At Film Space Saturday, March 13, at 7 pm: Nobody Knows / Dare mo shiranai / 誰も知らない(2004) by Hirokazu Kore-eda – 141 mins – Japan, Drama. Reviews: Universal acclaim: 88/84 out of 100.


Rotten Tomatoes: Consensus:  Tragic and haunting, a beautifully heart-wrenching portrait of child abandonment.


Yuya Yagira was named Best Actor at the 2004 Cannes Film Festival for his moving portrayal of the older brother trying desperately to support his three younger siblings in writer-director Hirokazu Kore-eda's masterful work Nobody Knows. Kore-eda (Maborosi, After Life) also produced and edited the film, which was nominated for the Palm d'Or and was Japan's entry for the Academy Awards. Yagira stars as Akira, a determined and resourceful 12-year-old boy forced to take care of Kyoko (Ayu Kitaura), Shigeru (Hiei Kimura), and Yuki (Momoko Shimizu) every time their mother, Keiko (Japanese pop star and TV actress YOU), goes away for extended periods of time. Akira does the shopping, Kyoko does the laundry, Shigeru causes trouble, and Yuki is endlessly cute. However, in order to remain in their new apartment, the three younger children are not allowed outside or else the landlord, who does not know they live there, will evict them. Akira tries to teach his sisters and brother, as none of them attends school, with varying success. They have no friends, save for Saki (Hanae Kan), an offbeat outsider. When Keiko disappears and the money starts running out, the children are faced with severe problems, and tragedy lurks. Kore-eda based this powerful tale on a true story of abandoned children, and he has filmed Nobody Knows with a documentarian's eye, lending it added reality that makes it that  much more heartwarming and, ultimately, heartbreaking.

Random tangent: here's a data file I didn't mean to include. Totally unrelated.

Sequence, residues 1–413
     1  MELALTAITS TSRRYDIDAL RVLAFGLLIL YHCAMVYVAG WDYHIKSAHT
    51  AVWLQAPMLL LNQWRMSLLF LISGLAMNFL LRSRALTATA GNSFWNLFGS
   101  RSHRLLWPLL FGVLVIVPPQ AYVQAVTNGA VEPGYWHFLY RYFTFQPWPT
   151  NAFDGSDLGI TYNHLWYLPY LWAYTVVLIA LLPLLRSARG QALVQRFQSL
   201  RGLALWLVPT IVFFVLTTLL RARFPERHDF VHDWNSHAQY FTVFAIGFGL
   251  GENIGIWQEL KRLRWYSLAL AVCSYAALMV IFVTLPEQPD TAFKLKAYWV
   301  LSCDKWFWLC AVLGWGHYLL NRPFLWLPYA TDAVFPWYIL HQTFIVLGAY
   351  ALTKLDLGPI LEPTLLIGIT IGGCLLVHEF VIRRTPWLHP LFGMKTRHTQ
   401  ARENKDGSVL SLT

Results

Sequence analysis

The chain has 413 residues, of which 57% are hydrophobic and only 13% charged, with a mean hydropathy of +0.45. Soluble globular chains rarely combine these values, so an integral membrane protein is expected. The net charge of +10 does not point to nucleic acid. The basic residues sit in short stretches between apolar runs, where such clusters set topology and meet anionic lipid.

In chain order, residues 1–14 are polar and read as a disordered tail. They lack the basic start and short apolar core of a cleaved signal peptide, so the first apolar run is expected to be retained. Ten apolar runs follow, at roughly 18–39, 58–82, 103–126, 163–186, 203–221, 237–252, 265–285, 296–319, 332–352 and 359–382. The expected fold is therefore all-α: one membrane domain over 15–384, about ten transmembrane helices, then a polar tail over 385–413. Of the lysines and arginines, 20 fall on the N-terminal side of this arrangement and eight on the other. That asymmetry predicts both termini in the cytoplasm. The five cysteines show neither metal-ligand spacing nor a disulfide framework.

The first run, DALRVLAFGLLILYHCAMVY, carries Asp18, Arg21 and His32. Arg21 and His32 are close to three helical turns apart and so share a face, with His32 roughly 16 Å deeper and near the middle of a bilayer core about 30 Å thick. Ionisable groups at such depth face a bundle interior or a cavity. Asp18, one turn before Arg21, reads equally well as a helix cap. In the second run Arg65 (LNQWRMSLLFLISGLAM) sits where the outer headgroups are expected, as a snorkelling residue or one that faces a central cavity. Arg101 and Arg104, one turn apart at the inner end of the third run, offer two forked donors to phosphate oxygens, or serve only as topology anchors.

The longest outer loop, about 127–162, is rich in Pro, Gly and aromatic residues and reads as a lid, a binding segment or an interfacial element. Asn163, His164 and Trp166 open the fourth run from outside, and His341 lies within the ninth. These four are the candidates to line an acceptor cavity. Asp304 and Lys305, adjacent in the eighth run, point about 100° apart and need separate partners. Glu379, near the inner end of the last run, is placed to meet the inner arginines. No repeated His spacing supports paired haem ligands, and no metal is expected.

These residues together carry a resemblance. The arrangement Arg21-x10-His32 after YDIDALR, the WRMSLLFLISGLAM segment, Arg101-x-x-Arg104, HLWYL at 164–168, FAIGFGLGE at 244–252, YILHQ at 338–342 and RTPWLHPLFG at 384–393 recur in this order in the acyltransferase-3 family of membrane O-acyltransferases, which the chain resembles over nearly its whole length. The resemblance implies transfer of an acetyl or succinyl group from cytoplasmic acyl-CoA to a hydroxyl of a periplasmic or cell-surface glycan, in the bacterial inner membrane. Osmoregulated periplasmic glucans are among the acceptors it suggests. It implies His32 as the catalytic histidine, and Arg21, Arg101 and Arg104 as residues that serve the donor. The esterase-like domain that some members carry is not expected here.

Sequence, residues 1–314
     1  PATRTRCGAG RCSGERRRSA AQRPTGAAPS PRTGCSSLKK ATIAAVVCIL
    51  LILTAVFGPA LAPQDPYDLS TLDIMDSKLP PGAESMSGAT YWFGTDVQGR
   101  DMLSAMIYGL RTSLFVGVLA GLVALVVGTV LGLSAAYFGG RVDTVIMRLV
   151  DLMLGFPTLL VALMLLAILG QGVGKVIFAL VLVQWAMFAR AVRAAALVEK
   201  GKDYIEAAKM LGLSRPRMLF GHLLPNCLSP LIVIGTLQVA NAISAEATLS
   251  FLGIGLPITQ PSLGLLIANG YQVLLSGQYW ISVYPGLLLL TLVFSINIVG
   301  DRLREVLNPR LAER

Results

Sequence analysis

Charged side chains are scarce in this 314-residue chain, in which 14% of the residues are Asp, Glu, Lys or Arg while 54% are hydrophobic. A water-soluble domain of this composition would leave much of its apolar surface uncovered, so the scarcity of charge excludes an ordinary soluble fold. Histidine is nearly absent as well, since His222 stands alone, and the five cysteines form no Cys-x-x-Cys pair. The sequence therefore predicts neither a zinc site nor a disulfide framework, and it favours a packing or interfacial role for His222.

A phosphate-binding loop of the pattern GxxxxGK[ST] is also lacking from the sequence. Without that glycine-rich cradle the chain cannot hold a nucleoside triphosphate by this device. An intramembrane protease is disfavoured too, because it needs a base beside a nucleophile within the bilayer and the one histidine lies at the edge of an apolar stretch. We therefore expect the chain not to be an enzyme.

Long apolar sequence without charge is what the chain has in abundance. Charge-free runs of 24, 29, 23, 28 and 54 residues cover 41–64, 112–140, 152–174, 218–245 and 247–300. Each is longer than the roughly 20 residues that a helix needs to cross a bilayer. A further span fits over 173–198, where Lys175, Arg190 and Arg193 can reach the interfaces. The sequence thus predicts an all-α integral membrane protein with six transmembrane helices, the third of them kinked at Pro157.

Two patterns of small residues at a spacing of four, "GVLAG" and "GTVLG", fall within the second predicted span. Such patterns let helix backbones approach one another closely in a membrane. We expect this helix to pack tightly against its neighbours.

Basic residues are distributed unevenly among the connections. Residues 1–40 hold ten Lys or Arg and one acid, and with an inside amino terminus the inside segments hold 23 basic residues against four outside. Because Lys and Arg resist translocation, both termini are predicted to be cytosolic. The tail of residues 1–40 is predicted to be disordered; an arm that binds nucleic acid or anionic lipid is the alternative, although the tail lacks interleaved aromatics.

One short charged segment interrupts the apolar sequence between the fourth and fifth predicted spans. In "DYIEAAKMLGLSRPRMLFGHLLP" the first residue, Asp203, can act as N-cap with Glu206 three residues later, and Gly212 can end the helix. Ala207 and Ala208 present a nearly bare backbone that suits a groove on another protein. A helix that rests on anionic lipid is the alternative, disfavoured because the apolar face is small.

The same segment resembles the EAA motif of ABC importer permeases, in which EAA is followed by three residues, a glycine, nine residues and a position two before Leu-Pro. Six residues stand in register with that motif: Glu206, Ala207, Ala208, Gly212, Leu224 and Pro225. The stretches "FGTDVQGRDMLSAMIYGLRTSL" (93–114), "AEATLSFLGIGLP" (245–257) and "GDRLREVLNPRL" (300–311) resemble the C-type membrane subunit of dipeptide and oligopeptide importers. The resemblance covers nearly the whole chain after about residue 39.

Film brainHirokazu Koreeda's latest film, Nobody Knows, with its "ripped straight from the tabloid headlines" theme is prime movie-of-the-week material. Four children, ranging in age from five to twelve, are left to fend for themselves in a Tokyo apartment after their mother abandons them. A thousand and one dire films could easily have been made from this premise, yet Koreeda manages to avoid every possible cliché and pitfall (and there are many) in his take on events that actually did occur back in 1988. Dubbed "The Affair of the Four Abandoned Children of Nishi-Sugamo,” it was a nationwide scandal that ended with events far more horrifying than Koreeda's fictionalized account.


Keiko (played by Japanese TV personality You) is a single mother with four children from different fathers. The film opens with her moving into a new apartment with her eldest son Akira (Cannes best actor winner Yuya Yagira). As it would be impossible for her to rent the place with four children, their presence can only be made after the movers leave, and this sequence is one of the films most memorable (and quite striking). Though the children are forced to live by You's strict set of rules -- no noise, no school, no going outside -- they make the best of it, as only young children can do. Keiko begins disappearing on a regular basis -- first for a night, then a few weeks, and eventually forever. In her absence, Akira must care for his siblings -- his sister Kyoko, just a year or two younger than Akira, and on the brink of adolescence, Shigeru, a rambunctious boy, and Yuki, his other sister, just five years old. Akira willingly accepts this responsibility, and his calm and patient demeanor is remarkable for a boy his age, as is his ultimate acceptance of the truth about their abandonment. Only once does he pass judgment on his mother, a comment that she simply ignores. Though dedicated to his siblings (he even buys presents, telling them they came from their mother), Akira occasionally seeks out normal childhood pleasures -- video games, playing baseball, making friends -- and it is these moments that give the film such a naturalistic quality.


The casting of You as the mother, with her childlike voice and expressions was clearly intentional. It's as if Koreeda wants us to reconsider how we think about her. While her real-life counterpart was branded a monster (and sent to prison), Koreeda chooses to portray her as almost a fifth child, thereby making her disappearance seem more like youthful irresponsibility than a calculated, heartless effort. This is a daring move -- other filmmakers would feel the need to lay blame and include many finger-wagging morality lessons, as well as the resulting punishment.